Inside Pulsating White Dwarfs: Clues from time-resolved spectroscopy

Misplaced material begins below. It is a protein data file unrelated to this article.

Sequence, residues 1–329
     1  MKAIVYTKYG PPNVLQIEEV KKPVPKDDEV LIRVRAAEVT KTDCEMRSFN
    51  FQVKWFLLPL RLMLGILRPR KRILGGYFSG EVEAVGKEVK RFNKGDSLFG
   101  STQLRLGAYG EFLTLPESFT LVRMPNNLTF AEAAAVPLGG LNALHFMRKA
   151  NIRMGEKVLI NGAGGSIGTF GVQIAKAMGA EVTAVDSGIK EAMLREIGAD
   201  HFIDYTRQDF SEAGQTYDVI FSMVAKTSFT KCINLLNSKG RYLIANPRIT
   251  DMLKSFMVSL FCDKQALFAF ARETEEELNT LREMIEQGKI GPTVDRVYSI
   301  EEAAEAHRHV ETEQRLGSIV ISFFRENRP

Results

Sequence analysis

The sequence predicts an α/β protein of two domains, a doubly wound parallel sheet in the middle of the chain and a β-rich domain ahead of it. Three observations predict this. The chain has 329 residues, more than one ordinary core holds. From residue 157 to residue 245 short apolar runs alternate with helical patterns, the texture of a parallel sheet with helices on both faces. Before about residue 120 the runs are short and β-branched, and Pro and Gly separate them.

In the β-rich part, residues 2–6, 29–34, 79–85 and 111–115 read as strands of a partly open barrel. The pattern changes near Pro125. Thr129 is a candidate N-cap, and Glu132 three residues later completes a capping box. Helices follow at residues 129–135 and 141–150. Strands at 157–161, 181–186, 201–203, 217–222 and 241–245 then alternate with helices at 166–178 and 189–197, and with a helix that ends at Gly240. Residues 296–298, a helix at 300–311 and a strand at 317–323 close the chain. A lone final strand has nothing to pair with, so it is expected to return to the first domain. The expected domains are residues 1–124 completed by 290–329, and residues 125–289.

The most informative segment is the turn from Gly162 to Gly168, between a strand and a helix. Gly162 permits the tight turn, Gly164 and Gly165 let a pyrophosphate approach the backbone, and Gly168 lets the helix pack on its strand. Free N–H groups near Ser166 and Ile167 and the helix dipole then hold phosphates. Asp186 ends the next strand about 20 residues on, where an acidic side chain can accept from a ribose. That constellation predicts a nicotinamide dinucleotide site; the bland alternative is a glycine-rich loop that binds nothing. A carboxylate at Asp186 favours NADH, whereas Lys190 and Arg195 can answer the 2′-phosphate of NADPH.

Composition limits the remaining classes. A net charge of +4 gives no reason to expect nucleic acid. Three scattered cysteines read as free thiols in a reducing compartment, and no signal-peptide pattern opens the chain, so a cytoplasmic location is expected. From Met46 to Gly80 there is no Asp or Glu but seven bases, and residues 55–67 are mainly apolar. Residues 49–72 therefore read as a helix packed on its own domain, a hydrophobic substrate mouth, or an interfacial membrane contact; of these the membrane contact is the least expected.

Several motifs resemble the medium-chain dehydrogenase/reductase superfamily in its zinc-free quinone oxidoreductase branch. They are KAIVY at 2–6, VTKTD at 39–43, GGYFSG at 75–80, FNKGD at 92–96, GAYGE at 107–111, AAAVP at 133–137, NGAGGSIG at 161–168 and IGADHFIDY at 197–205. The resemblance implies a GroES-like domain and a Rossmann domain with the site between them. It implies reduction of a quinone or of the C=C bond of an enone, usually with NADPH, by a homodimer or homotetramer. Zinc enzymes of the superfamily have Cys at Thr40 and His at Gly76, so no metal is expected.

Abstract: Several analyses using time-resolved optical spectrocopy of pulsating white dwarfs are presented. The data have been put to a number of uses. First, line-of-sight velocities associated with the pulsations have been measured in three hydrogen-atmosphere white dwarfs (DAVs), bringing the total number of such measurements up to five. They have also been measured for the first time in a pulsating helium-atmosphere white dwarf (DBV). The relative velocity to flux amplitude ratios are compared with theoretical expectations based on theories of mode driving via convection. Secondly, the fractional, wavelength-dependent pulsation amplitudes (``chromatic amplitudes'') have been used to identify the spherical degree of the pulsation modes. Consistent results are obtained for objects with mode identifications based solely on photometry. This shows that the technique works. The new mode identifications can be used in pulsation models to constrain the asteroseismological solution of the white dwarf in question. The chromatic amplitudes have also been used to understand the shortcomings of currently used model atmospheres. These are most likely due to the lack of a realistic treatement of convection. Combining all the available information from data such as ours is a first step towards constraining atmospheric properties in a convectionally unstable environment from an observational perspective. In the final chapter an attempt is made to explain the observed quasi-periodic variations in the rotationally split modes of certain pulsators.
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